Everything on model trains, model railroads, model railways, locomotives, model train layouts, scenery, wiring, DCC and more. Enjoy the world's best hobby... model railroading!
Scott models HO scale and has this question for readers:
“I’m venturing back in to model railroading after a 50+ year absence, and I’m stymied with a very basic problem. I’m using Atlas Tru-Track for my layout, which is a simple double oval with DC control. My turnouts are Atlas Tru-Track Remote Snap-switches. The wiring from the switch machine seems to be smaller than 22 AWG (that’s as small as my wire stripper will grip). The amount of stripped wire that comes on the switch is not much more than 1/8″. So far I’ve used up about an inch worth of wire on one of the turnouts trying to connect it to a longer wire running to it’s controller. I need suggestions as to how I can get such a small wire stripped so I can make connections to my controllers.”
End Date: Saturday May-6-2017 10:57:29 BST
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End Date: Sunday May-7-2017 15:28:19 BST
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End Date: Monday May-1-2017 11:51:06 BST
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For those who have never heard the term ‘Cab Forward’, it basically refers to various rail designs that place the driver’s compartment further forward towards the front than is usual practice.
Peter is building a loco and asks readers:
“Does anyone know where I can purchase a cab for an HO/OO ‘cab forward loco’ as I am building a cab forward loco depot.”
As I’m sure Peter understands, we don’t do Buy, Sell, Or Swap on this blog, but readers might be know of some online or local stockists who could supply the item.
In 2013 The Daily Mail in the UK ran this story “End of the line for model railway fan as housing association demands he dismantle £10,000 train set in attic on health and safety grounds”
Retired builder and father-of-three, Robert Burdock (61 at the time), had been into model railroading for 40 years. His model railway which had been in the same location for 15 years had 70ft of track with 63 locos.
Whether Robert Burdock was right or wrong, it does highlight the importance of safety when constructing layouts in roof cavities. Obviously the weight of the finished project including benchwork, scenic features, rolling stock, structures, electrics, accessories etc. as well as the weight of the engineer and any visitors all needs to be taken into consideration.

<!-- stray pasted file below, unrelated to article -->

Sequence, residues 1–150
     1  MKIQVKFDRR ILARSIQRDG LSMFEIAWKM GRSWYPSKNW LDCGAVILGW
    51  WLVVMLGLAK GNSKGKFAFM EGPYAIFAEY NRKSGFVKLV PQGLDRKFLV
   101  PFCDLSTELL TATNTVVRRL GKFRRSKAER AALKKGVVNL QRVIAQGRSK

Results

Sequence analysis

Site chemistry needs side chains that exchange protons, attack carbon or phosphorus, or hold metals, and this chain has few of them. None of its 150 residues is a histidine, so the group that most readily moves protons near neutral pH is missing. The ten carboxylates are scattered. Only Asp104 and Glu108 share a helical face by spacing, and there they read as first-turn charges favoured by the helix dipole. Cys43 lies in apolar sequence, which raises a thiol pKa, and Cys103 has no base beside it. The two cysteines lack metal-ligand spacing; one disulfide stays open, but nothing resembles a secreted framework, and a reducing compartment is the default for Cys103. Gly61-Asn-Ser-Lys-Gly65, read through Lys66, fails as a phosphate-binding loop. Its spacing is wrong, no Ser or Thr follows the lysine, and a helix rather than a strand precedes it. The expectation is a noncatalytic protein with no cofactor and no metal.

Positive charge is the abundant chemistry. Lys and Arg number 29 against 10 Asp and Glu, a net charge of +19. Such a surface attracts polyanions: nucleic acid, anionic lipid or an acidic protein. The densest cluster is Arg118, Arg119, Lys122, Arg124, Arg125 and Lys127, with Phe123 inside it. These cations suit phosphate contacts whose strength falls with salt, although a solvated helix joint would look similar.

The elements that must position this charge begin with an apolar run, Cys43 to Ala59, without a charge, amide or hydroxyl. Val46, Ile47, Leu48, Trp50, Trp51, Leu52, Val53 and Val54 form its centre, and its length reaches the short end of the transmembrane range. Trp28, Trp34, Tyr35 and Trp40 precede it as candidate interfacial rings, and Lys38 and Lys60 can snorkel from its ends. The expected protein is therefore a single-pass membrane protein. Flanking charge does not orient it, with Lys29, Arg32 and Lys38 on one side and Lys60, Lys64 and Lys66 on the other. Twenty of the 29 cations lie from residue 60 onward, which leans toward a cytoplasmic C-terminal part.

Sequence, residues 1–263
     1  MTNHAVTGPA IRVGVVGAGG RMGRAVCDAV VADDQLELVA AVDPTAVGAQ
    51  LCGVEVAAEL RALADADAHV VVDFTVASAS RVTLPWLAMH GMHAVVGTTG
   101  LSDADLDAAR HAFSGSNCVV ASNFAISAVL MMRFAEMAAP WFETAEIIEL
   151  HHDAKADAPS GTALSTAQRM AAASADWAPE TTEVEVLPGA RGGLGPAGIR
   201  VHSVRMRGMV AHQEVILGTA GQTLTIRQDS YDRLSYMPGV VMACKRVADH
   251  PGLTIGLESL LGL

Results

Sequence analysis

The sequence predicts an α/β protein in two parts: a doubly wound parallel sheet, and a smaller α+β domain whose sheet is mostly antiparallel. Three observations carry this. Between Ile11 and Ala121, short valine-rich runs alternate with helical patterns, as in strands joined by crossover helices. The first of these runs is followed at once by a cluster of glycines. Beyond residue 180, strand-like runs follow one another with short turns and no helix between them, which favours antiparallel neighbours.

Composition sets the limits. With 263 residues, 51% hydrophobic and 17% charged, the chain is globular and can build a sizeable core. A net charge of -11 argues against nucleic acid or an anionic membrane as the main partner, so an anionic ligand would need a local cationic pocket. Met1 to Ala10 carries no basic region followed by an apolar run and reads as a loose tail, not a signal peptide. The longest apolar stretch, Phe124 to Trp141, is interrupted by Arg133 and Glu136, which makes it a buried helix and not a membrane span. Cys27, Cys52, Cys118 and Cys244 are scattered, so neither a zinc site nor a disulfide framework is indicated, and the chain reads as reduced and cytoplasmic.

Results of a recent poll I ran showed that 5% of layouts were to be located in roofs/attics/lofts. When space is limited in the family home, model railroaders of try and think outside the square when locating layouts. A lot of people decide that a loft is a great ‘out of the way’ place to set up a model train set.
Yes, a loft can be a good solution, but be careful and do your homework first. Unless the loft has been properly converted there is a danger that you may overload the ceiling joists (resulting in cracked ceilings in the room below). There could also be the possibility of overloading the entire roof trusses resulting in a collapse… far worse scenario. Always seek professional advice, because some roofs cannot be modified safely to accommodate a load bearing down from “inside” the roof. If in doubt consult an engineer before locating your train set in a loft.
Randall, a reader to this blog also sent in this advice:
1. Consult a structural engineer, not an architect. The architect is about use of space and how humans and buildings interact, but knows very little about structural loads.
2. If you use a loft or “attic”, make sure it’s inside the insulated envelope of the home. If it isn’t, two things can happen:
A. In the summer it can get hot enough to deform plastic parts (shells, couplers, track ties, etc.)